Andrew Mitchell, UK’s Secretary of State for International Development, announced that in readjusting the £6.5billion aid budget (part of an £8.4bn international development budget), bilateral aid to 16 countries and funding to 4 U.N organizations will be cut. These 16 countries include: Angola, Bosnia, Burundi, Cameroon, Cambodia, China, Gambia, Indonesia, Iraq, Kosovo, Lesotho, Moldova, Niger, Russia, Serbia and Vietnam. Some of those on the list, such as Burundi and Niger, are the world’s poorest countries.
“This government is taking a radically different approach to aid. We want to be judged on our results, not on how much money we are spending,” Andrew Mitchell said in response to much of the anticipated criticism. Mitchell also noted that all aid sources to these nations were considered when deciding to cut bilateral aid, ensuring that aid recipients are not left without aid entirely.
In 2009/10, Britain spent £4 billion on bilateral aid and £2.5 billion through international organizations, such as the European Commission, United Nations and World Bank. Yet, many of these institutions are not performing satisfactorily according to reviews and will loose approximately£50 million in funding. These organizations include: UN Industrial Development Organization to UN Habitat, the International Labor Organization (ILO), and the UN International Strategy for Disaster Reduction. Other organizations and international agencies will be put on probation, in which funding will be cut after 2 years if performance is still deemed unsatisfactory. Conversely, organizations such as the UNICEF and the Global Alliance for Vaccines and Immunization will see an increase in funding from the UK .
With this information, the focus shifts to why and how these decisions developed. The root cause in the loss of funding to some countries stems from the UK desire for better accountability and transparency in aid spending. Andrew Mitchell states, “this is about value for money, it’s about ensuring for every pound we take off hard-pressed taxpayers, we really do deliver 100 pence of development value.” The goal is to focus aid where there will be greater long term impacts, as opposed to giving billions of dollars to countries and organizations without any achievement.
In lieu of the situation, Andrew Mitchell reveals that the new budget will focus on “27 poor, conflict-ridden or fragile” states, including Afghanistan, Bangladesh, Democratic Republic of Congo, Ethiopia, Nigeria, India, Pakistan, Somalia, Sudan, Yemen and Zimbabwe. In the new model, the UK intends to focus 30% of the aid budget on countries judged to be “fragile or on the brink of war”. Some of the countries expected to see an increase in aid from Britain include: Pakistan, Somalia, Afghanistan, Bangladesh, Yemen and Ethiopia (Ethiopia, Bangladesh and Pakistan expected to be the greatest recipients in the new model).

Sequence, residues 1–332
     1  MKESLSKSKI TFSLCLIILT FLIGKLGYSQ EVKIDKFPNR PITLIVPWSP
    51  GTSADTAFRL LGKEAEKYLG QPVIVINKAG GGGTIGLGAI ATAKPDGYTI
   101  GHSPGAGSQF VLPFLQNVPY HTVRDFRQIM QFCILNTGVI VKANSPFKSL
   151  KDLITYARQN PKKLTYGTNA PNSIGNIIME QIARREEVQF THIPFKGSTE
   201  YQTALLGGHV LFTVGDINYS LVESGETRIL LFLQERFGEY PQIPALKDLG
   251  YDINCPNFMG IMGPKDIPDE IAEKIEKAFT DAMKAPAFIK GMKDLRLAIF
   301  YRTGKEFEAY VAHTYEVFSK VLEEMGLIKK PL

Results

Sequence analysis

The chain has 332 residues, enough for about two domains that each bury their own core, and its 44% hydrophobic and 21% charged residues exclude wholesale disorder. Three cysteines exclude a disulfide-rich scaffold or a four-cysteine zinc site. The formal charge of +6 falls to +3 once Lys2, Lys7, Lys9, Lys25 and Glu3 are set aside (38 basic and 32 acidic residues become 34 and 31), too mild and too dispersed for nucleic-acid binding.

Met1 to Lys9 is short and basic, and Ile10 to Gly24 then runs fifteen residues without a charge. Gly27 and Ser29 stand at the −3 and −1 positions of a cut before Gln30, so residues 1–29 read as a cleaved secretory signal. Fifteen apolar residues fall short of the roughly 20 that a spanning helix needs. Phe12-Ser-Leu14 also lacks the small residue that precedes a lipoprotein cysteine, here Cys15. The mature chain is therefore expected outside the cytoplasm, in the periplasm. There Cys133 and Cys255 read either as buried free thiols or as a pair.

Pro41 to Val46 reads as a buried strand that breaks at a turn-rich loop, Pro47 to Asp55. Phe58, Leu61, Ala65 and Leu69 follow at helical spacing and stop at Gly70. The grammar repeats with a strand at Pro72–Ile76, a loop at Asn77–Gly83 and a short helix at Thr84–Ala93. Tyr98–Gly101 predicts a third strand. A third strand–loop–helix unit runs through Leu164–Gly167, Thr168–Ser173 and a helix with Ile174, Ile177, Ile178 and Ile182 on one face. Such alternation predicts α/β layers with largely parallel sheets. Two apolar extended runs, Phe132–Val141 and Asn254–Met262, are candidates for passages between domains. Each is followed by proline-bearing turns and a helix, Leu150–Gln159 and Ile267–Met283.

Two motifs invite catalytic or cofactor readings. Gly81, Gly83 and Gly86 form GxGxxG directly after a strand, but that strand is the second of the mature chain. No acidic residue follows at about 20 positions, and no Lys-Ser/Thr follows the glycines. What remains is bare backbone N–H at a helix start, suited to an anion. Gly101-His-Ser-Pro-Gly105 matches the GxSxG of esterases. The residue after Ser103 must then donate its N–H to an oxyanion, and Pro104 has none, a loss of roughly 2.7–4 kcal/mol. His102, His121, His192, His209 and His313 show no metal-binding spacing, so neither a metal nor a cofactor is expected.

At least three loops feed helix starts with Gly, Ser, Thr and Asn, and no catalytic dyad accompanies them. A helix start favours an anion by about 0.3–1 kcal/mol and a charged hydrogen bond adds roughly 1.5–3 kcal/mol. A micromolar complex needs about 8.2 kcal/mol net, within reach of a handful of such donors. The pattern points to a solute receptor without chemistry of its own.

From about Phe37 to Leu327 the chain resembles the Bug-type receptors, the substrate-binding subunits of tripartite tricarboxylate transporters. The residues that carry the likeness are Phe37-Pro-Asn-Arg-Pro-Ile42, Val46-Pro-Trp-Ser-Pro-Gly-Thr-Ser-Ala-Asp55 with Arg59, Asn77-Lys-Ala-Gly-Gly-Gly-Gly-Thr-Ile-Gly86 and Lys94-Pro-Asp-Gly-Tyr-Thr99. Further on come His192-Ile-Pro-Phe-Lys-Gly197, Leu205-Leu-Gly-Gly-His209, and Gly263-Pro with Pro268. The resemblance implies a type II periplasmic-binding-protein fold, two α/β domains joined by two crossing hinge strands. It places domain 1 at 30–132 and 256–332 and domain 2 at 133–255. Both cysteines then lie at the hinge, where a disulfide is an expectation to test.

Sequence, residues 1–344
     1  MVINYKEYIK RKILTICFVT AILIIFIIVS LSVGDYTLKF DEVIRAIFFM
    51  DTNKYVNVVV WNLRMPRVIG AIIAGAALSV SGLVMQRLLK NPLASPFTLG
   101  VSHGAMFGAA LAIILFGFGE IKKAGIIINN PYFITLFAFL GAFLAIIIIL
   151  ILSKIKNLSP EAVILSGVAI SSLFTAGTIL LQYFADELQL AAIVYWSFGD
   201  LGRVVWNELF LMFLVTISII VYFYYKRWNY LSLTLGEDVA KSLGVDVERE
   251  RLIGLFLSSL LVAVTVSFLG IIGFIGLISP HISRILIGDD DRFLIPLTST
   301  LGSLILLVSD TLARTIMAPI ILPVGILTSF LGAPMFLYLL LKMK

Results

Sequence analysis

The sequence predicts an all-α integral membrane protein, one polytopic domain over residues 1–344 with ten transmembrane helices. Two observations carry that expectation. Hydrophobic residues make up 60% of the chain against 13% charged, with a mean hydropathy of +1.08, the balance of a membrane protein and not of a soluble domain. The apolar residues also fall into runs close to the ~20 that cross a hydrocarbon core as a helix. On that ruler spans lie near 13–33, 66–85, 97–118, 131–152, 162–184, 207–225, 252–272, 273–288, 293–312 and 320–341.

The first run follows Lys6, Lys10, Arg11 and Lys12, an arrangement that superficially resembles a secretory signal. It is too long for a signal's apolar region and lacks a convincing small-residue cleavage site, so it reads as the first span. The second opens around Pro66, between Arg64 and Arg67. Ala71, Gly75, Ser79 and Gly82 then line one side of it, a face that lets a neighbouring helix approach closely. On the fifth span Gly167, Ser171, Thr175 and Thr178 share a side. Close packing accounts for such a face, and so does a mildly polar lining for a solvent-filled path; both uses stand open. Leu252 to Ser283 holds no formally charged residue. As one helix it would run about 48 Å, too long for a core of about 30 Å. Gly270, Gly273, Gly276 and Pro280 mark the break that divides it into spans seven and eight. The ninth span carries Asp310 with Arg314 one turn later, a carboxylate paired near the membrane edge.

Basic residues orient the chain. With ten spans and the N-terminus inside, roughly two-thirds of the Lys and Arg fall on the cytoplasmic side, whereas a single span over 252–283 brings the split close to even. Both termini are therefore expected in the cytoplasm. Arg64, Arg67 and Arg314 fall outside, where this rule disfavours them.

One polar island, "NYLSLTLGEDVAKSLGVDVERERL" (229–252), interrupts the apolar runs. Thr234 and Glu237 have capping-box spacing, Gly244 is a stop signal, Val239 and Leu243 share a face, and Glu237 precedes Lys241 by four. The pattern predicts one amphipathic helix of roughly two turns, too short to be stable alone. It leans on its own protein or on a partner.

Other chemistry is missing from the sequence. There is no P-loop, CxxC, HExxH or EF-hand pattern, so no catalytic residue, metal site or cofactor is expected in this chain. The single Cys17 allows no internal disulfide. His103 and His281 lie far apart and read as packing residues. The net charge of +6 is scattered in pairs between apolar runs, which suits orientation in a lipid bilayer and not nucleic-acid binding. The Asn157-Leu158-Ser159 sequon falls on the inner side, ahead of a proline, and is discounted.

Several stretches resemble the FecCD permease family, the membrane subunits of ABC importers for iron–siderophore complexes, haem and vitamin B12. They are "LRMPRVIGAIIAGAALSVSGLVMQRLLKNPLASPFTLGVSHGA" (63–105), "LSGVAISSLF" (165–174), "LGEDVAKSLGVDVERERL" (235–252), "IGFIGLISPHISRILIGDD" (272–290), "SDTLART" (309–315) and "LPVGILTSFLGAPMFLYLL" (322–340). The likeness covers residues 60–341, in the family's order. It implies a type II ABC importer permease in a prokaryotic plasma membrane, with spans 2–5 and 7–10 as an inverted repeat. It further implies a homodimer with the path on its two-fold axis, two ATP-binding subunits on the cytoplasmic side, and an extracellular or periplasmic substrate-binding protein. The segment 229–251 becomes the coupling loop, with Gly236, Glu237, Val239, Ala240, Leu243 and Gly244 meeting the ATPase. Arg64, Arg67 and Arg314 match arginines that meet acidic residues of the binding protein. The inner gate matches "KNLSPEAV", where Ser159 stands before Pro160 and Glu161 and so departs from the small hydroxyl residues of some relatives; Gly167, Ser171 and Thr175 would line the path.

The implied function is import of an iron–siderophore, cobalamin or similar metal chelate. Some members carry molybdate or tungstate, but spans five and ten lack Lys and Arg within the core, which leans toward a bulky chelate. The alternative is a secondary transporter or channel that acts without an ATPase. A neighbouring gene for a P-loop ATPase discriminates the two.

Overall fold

Mitchell declares : “Aid can perform miracles but it must be well spent and properly targeted. The UK’s development program has now been reshaped and refocused so that it can meet that challenge.” Some of these challenges include improving education in Pakistan, where the UK aims to increase the average number of children that attend primary school from 56% to the world average of 87% . In collaboration with the UK, Pakistani officials have agreed to increase spending on education from 2% of their GDP to 7%. Similarly, Britain hopes to increase tax collection in Pakistan, currently only 9% of the country’s total GDP. Other programs in various countries include a focus on childbirth and women’s health and vaccinations against preventable diseases.
As the new model is developed, the UK believes this approach “will be more effective in cutting poverty” and will contribute to reaching the Millennium Development Goals by the target date of 2015. UK officials plan to focus on direct projects that are smaller and more transparent. Depending on results, Britain may serve as a new model for other countries looking to reform bilateral aid.